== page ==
As Paris Hilton, America’s most famous jailbird, was snapped splashing through the surf on a Hawaiian beach her grand-daddy’s business was sol,d in a deal that promises to make Barron Hilton almost $1 billion richer, The Times reports.
The 26-year-old socialite had good reason to be smiling for the cameras, and not just because she was enjoying her first holiday since leaving prison after serving a sentence for violating probation in a drink-driving case.
Blackstone’s $20 billion bid for Hilton Hotels Corporation has not only enlarged the Hilton family fortune; it has put the whole hotel sector into play, as investors scramble to place their bets on the next company to be snapped up by a private-equity group.
But money could be pouring into the industry just as thousands more rooms are being built and demand is showing signs of tailing off.
Robert LaFleur, an analyst with the Philadelphia office of Susquehanna Financial Group, summed up the mood when he said: “Despite the run-up in asset prices over the past few years, the appreciation of hotels has fallen short of that achieved by almost any other real-estate asset class. Therefore, we believe that private equity will continue to purchase hotels until they are properly valued by the public markets.” This raises the prospect that the major hotel groups in a still-fragmented global industry will be run as finance-led operations by investment specialists with little or no direct experience in the business, a combination that has been a recipe for a string of failures in industries as diverse as engineering, films and publishing.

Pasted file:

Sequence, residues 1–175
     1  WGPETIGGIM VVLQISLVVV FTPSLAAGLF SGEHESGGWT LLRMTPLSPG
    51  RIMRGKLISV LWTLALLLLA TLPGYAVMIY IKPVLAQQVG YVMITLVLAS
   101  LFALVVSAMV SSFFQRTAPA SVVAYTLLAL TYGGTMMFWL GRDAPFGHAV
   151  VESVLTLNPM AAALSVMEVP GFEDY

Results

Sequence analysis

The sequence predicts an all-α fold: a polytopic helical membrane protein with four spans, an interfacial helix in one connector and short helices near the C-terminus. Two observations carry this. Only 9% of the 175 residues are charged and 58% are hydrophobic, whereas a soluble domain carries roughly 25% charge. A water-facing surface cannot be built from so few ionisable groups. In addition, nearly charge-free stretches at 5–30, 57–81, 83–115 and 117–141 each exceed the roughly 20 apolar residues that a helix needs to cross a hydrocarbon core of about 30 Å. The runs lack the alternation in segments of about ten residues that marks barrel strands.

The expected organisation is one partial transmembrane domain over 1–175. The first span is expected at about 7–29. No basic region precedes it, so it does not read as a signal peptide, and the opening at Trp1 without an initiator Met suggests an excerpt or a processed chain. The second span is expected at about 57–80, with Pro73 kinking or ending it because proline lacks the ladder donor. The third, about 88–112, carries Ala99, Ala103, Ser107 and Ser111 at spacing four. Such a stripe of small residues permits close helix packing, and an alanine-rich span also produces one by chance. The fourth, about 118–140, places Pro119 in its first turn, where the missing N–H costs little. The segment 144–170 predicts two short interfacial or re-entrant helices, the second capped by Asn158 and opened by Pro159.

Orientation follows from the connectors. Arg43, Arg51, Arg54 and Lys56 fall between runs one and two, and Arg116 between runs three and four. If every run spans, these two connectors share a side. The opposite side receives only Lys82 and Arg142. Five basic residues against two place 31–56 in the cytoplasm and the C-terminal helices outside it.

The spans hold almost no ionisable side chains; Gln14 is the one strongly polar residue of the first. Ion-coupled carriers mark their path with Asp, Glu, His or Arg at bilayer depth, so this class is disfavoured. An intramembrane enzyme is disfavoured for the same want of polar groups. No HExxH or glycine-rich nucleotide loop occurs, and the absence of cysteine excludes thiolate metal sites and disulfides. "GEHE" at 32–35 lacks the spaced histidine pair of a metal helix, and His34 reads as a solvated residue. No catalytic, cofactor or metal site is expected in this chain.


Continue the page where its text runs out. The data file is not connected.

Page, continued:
And the timing may be ominous. Before Blackstone Group’s cash bid for Hilton, Goldman Sachs analyst Steven Kent said it was time to sell hotel shares. He said: “We are especially concerned that supply growth is starting to surpass demand growth, which historically has been a negative signal for stock performance.”